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West Midland Bird Club

Studying Birds in Staffordshire, Warwickshire, Worcestershire and the West Midlands since 1929

Recent Sightings

There is plenty of information at hand within these pages, however, please do not hesitate in using the contact us page via the menu or the info@westmidlandbirdclub link at the foot of all pages if you would like to take a personal approach to gathering information; the Club Secretary will be pleased to deal with any enquiry. There is great scope to become involved in a wide range of Club activities, likewise you can go about your birding activities on a personal level and simply enjoy what the West Midland Bird Club has to offer in assisting your interests.

 

Welcome to the

West Midland Bird Club Website

Submitting your bird records

The thought of finding a special bird is something that inspires us all.

Given such an occurrence, it would be a pity if the event was lost to

posterity due to inadequate recording. A report of a rare or unusual

bird should be accompanied by a detailed description and supporting

evidence. Without this necessary information being submitted to the

relevant authority, reports can only be regarded as unsubstantiated.

 

Using a social media site or birding blog is an excellent method of

broadcasting news of rare or unusual birds, such postings however, do

not constitute a true record submission. In order to validate your

findings, all reports should be sent to the appropriate County Recorder,

irrespective of any other postings.

 

The most helpful and productive way of going about this is to register

with the BTO online facility BirdTrack - www.bto.org/birdtrack . This site

not only keeps your records on file in a protected database but

provides unlimited access to all County Recorders in their investigative

searches. BirdTrack provides an on-line form comprising questions in

relation to those species that require descriptions together with a text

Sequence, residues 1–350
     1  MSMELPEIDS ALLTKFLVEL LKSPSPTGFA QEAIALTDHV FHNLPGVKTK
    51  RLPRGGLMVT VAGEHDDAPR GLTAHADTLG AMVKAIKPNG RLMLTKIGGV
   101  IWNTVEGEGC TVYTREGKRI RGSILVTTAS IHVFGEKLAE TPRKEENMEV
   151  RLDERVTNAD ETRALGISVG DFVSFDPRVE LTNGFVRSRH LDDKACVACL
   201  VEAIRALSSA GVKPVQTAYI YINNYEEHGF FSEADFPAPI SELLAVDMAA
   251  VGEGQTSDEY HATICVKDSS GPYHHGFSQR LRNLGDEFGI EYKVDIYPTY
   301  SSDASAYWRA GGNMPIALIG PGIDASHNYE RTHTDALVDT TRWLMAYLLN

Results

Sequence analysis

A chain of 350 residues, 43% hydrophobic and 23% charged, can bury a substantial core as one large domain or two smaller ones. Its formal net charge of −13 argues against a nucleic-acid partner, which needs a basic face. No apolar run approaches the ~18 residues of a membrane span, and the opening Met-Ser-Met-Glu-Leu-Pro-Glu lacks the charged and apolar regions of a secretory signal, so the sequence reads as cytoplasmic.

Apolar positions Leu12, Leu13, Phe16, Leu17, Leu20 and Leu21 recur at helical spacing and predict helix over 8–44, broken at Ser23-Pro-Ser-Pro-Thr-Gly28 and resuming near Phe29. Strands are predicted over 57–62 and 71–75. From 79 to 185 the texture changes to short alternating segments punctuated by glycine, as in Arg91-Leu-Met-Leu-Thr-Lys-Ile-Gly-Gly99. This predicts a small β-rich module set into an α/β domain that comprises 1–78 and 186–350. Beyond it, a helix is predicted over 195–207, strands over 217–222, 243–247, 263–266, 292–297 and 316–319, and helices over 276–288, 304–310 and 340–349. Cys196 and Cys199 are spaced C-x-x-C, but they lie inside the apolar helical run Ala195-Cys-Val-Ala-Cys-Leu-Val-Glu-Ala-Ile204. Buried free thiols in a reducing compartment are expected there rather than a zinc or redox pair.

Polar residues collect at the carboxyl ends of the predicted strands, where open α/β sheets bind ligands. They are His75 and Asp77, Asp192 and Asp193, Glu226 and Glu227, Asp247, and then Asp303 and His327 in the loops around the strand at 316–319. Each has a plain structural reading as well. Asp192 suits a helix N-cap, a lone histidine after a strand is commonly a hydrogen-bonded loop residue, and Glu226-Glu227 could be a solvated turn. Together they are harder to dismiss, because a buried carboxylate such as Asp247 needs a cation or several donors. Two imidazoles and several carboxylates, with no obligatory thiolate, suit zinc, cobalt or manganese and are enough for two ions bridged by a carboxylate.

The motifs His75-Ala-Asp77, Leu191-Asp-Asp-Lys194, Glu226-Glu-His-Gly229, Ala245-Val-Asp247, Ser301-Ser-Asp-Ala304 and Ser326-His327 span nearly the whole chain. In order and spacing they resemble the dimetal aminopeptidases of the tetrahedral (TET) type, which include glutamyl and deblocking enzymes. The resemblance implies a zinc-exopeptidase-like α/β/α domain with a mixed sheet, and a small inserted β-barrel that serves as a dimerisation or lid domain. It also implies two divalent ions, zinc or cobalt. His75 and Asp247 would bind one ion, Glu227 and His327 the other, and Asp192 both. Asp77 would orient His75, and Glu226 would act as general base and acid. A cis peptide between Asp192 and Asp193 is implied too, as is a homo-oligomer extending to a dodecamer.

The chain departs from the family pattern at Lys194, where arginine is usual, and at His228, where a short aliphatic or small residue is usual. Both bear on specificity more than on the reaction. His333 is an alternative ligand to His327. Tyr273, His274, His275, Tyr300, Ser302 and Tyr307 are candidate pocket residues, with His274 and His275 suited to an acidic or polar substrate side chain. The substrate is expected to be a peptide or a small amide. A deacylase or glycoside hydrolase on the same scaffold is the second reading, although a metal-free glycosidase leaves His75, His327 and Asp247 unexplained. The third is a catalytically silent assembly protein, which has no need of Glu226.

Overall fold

box for writing your own description. The completed automated form

and your personal description are then sent forward to the appropriate

County Recorder.

 

Alternatively, records can be sent electronically to County Recorders using Excel or Word files that contain all necessary details or, by hand written record slips. To obtain handwritten record slips please contact your County Recorder for advice. The most important factor in all of this is to make sure that the relevant County Recorder receives this information.

 

The exercise of providing accurate records performs the task of gathering vital information on the occurrence and whereabouts of birds, information from which we all benefit.

 

This website offers a guideline to record submission to all those who wish to submit records from the West Midland Bird Club recording region.

 

Visit the Record Submission page.

Here you will find current information on contacting our regional County Recorders, accessing BirdTrack and record submission information.

 

The ultimate guide to submitting your records can be found in the West Midland Bird Club publication, A Checklist of the Birds of Staffordshire, Warwickshire, Worcestershire and the West Midlands and Guide to Status and Record Submission.

Members of the West Midland Bird Club are provided with a copy of this publication (appropriate while stocks last). Anyone wishing to obtain a copy, again appropriate to availability, should contact the Club Membership Secretary - membership@westmidlandbirdclub.org.uk . All those submitting records are encouraged to follow the guidelines set out in this booklet.

Good luck in your findings and make sure your records get their deserved recognition.

 

Lesser Redpoll- Steve Seal

A resplendent winter (December) male Lesser Redpoll - Photograph Steve Seal

Winter birding

Migration activity in the north and east of the British Isles during the early to mid-autumn period of this year (2018) involved good numbers of Lesser Redpoll. These flocks were interspersed with a welcome scattering of Common Redpoll and a few Coues’s Arctic Redpoll, prompting speculation that a ‘Redpoll winter’ might well be on the cards. At the same time, reasonably good numbers of Lesser Redpoll arrived in our region, these too were accompanied by proportionately decent numbers of Common Redpoll and, fingers crossed, other Redpoll species and races. As might be expected, the momentum of these new arrivals moderated as we entered November. While the anticipated influx may not have reached the proportions that had been hoped for, there remains an incentive to seek out and investigate any Redpoll flocks in the hope they contain some special birds. Indications suggest there is every chance you could be rewarded for your efforts. In most winters Lesser Redpoll flocks are usually fairly well distributed, irrespective of there being an influx of continental birds. The larger the flock, then realistically, the greater the chance it could involve others.